The first withered olive trees appeared near Gallipoli, in the Apulia region of southern Italy. Bunches of leaves turned brown and crunchy around the edges. Then, whole groves started to wane. Farmers whose families had tended olives for generations watched their trees dry up and their businesses plummet.
At first, it wasn’t clear what was causing the decline. Was it a fungus? A virus? Something else entirely? Scientists showed up in the olive groves to sample the trees, urgently trying to find the cause.
One researcher from a local agricultural institute had just come back from a conference in California, where he’d learned about the plant bacterium Xylella fastidiosa. The symptoms the olive growers were seeing, he realized, looked exactly like what seen in the talks he'd attended. Sure enough, when he and his colleagues tested the Italian trees, they found the bacterium lurking in their woody hearts.
This was not good news. The European Commission considers Xylella to be among the most dangerous plant bacteria in the world. Different strains of it have wreaked havoc on vineyards in California and citrus trees in Brazil, killing acres of valuable plants and causing billions in lost revenue.
Until the olive trees fell ill, Xylella had never been seen in Europe, and its identification in Italy set off alarm bells across the scientific and political communities of the European Union. Italian olive growers produce 15 percent of the world’s virgin olive oil, worth more than $2 billion each year. Spain produces even more. Anything that threatened the trees threatened the entire European economy.
Olives are also central to the identity of the region. Over 60 million trees stand in stately rows across Puglia, which—until recently—produced about 40 percent of all the olive oil Italy exports. Nearly half a million trees are the beloved “ulivi secolari,” centuries-old trees whose gnarled trunks have stood firm even as vast changes swept across the region.
But the arrival of Xylella upends the traditional order, threatening to wipe out groves worth billions of dollars. Rather than succumb to great loss, scientists and some growers have been throwing themselves into the fray to figure out what, exactly, is going on and whether they can mitigate the damage.
Xylella causes plants to die of thirst from the inside out. The bacteria get passed from tree to tree by tiny pests called spittlebugs, which latch onto their hosts’ xylem—the straw-like tubes inside plants that transport water from roots to leaves. If the bugs suck liquid out of an infected tree, they can carry the bacteria in their maw and inject them into the next plant they feed upon. The bugs are native to the region, and before Xylella arrived on Italian shores, they weren’t seen as a problem. Now, their presence incites fear.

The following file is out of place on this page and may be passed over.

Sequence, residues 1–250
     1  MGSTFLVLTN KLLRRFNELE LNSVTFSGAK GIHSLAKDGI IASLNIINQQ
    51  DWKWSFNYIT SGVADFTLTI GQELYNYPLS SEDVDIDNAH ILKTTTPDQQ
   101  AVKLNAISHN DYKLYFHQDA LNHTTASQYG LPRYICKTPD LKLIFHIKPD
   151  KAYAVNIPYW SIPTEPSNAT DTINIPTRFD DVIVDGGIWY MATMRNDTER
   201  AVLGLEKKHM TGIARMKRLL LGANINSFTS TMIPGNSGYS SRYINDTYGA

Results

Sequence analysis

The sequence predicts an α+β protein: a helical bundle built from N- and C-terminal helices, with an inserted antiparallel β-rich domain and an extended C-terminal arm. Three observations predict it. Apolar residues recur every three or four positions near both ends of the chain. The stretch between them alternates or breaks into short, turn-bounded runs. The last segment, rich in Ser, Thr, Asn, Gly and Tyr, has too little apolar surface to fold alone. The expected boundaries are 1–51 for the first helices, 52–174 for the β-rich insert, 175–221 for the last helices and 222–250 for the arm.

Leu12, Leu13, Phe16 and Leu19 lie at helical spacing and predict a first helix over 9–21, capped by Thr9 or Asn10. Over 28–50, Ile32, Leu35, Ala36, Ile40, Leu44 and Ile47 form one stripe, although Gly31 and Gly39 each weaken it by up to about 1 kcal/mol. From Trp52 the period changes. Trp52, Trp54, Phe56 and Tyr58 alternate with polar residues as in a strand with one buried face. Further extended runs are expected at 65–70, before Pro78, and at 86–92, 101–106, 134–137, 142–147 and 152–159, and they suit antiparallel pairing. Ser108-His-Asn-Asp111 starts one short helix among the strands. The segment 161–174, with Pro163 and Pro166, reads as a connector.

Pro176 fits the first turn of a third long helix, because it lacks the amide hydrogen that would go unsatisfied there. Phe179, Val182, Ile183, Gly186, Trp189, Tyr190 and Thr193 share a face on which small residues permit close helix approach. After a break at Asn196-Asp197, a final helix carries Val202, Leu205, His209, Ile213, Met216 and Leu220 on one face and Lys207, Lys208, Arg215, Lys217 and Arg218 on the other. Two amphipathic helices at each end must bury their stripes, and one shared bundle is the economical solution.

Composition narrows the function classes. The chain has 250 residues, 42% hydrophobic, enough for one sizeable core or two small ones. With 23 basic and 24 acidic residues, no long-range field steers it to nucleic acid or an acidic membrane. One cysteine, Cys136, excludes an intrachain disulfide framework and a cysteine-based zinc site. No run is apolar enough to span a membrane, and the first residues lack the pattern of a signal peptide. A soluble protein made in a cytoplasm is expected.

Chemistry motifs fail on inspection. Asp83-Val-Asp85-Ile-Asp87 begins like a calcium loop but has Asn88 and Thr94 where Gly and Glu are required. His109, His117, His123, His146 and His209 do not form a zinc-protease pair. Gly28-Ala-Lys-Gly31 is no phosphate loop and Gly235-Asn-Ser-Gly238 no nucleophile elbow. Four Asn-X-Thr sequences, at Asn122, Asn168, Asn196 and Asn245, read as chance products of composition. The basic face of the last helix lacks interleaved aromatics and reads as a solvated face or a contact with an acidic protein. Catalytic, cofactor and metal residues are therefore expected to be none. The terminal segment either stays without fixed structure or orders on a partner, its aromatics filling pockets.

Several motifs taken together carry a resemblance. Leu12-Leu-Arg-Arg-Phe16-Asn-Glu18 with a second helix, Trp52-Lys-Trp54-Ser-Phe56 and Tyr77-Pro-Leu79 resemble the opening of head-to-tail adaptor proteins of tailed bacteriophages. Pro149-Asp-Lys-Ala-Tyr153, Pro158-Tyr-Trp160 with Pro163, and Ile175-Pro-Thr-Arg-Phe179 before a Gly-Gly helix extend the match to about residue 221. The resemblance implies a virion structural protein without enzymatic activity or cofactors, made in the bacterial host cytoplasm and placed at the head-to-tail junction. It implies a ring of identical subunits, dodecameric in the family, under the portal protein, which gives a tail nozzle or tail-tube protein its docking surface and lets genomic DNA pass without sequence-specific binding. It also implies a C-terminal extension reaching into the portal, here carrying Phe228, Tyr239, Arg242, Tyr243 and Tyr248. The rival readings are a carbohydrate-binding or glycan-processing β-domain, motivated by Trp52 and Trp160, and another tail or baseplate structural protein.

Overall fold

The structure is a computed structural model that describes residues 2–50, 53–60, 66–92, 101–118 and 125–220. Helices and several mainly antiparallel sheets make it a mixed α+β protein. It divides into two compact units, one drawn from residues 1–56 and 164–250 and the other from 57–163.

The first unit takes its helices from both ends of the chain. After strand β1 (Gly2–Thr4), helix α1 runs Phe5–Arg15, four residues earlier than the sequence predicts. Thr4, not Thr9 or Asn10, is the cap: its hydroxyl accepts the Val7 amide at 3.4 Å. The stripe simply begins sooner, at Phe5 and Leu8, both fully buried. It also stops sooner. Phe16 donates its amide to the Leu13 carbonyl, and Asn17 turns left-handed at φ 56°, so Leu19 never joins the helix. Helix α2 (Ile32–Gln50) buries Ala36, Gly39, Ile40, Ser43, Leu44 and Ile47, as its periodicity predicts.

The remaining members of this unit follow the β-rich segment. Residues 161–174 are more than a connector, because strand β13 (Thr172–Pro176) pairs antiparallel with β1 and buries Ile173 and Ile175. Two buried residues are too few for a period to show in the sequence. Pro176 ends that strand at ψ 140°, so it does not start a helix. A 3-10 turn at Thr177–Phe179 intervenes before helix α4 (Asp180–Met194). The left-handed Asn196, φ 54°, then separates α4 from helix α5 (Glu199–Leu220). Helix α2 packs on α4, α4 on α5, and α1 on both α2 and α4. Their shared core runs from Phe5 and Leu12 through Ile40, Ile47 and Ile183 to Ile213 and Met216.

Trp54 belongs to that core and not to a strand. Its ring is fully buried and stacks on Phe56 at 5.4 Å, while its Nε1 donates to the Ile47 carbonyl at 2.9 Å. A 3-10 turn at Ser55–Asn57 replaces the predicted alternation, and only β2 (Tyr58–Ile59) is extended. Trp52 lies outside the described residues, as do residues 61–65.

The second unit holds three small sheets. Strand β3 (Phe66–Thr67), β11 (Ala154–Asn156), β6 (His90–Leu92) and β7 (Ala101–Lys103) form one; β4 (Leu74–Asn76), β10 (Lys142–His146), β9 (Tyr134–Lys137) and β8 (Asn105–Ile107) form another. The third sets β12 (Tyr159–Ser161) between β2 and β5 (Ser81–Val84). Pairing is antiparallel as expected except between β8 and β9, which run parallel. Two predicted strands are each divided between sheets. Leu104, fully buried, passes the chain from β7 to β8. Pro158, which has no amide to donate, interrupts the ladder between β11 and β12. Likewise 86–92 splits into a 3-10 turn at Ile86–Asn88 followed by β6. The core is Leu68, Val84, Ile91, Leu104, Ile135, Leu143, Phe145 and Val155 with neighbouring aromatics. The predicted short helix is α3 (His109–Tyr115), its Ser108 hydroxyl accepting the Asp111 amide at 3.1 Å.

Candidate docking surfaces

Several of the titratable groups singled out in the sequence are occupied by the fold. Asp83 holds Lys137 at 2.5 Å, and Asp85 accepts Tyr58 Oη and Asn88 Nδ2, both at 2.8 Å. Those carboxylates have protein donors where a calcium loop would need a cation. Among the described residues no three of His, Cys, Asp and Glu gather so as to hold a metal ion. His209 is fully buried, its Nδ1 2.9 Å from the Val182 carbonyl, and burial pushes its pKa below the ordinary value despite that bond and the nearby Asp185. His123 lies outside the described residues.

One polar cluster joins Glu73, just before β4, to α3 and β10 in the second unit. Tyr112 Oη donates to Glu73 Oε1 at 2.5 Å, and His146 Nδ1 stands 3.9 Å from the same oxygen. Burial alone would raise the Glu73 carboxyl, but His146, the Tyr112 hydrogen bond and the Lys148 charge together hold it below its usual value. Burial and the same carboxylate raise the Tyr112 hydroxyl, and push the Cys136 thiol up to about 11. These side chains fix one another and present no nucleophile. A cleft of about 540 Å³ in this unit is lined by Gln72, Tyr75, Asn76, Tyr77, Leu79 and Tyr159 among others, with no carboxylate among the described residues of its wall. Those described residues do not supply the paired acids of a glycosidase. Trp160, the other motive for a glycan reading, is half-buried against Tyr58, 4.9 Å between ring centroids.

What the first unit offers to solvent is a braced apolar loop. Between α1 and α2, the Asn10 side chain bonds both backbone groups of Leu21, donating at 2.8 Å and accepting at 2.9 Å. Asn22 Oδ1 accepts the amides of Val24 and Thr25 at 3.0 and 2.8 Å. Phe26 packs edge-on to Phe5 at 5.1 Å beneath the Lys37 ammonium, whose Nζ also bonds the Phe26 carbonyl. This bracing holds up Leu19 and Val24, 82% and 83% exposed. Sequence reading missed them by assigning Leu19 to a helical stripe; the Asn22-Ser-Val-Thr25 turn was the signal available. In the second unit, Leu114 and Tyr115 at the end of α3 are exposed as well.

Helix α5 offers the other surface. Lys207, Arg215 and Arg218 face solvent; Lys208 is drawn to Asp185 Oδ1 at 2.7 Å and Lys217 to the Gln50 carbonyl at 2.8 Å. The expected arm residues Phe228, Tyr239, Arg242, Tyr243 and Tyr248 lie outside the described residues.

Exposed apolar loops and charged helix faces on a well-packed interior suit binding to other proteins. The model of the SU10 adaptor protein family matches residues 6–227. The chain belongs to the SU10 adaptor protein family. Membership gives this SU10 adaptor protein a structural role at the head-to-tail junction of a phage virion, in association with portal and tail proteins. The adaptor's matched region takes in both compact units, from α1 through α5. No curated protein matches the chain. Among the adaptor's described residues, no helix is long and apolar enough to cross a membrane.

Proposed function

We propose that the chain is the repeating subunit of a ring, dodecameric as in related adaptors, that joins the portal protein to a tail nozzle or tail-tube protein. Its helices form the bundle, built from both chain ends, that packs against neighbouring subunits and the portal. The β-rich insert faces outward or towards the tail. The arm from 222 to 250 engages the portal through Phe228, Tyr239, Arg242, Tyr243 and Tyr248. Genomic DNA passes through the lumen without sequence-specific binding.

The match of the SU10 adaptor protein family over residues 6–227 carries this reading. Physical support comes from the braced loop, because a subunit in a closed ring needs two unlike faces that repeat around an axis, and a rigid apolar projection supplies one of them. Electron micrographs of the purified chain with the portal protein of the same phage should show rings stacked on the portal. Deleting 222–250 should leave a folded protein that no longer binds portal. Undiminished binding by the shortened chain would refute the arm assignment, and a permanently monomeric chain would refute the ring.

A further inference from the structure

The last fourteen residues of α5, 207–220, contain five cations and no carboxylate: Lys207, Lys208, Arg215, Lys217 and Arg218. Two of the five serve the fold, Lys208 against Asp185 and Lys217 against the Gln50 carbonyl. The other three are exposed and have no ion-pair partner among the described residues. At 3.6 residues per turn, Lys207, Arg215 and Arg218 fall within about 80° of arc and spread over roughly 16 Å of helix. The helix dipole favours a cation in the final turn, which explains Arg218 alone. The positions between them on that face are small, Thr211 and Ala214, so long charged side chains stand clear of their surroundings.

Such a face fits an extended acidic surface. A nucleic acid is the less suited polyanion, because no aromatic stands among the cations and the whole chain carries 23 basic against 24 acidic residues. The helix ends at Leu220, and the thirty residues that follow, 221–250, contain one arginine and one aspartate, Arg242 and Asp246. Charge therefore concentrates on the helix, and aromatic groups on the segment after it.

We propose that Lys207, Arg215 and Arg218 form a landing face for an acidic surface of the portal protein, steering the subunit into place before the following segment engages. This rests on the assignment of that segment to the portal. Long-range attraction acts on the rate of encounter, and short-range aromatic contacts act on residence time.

Once planted in the tree, the bacteria spread slowly, colonizing the xylem tubes and thickening into a sort of biofilm—a gloppy mass that blocks water from flowing, starving the tree’s extremities of water. Sometimes, the trees die outright. Other times, they linger in a shadow-like state, too weak to grow fruit but ripe with bacterial loads.
There is no known cure. Once the bacteria infiltrate a host, the plant stays infected until it dies.
On the farms, the news was bleak. Giovanni Melcarne and his wife Daniela, olive producers from the Lecce Province, watched helplessly as their trees weakened. The Melcarne family has grown olives in the province for over 500 years, and many of Giovanni’s gnarled trees are older than he is.
“From the beginning, when I saw what was going on, I knew that the olive culture would have been destroyed by the bacteria,” he says. “It would affect our character, our way of living.” It was clear, he thought, that something had to be done. So he reached out to scientists at the nearby university who were desperately trying to understand the basic biology of the disease.
Melcarne ultimately connected with Donato Boscia, a plant biologist at an Italian National Research Council (CNR) institute in the nearby town of Bari, whose own father-in-law had recently shown him the characteristic crisped leaves on their family trees. Boscia knew that Xylella could sit latent in a plant for months or a year before it started tightening its grip. By 2013, when the disease made itself known to farmers and plant pathologists, it had probably already been percolating in the region’s trees for some time.
Boscia was worried that it was already too late to get rid of the disease completely. But he also knew that they had to try. So he and his colleagues threw themselves into research: They mapped out the affected territory. They learned how the disease spread and what other plants could serve as hosts. They developed tools to test trees for the bacterium, so farmers could figure out if their trees were infected.
The Growers Revolt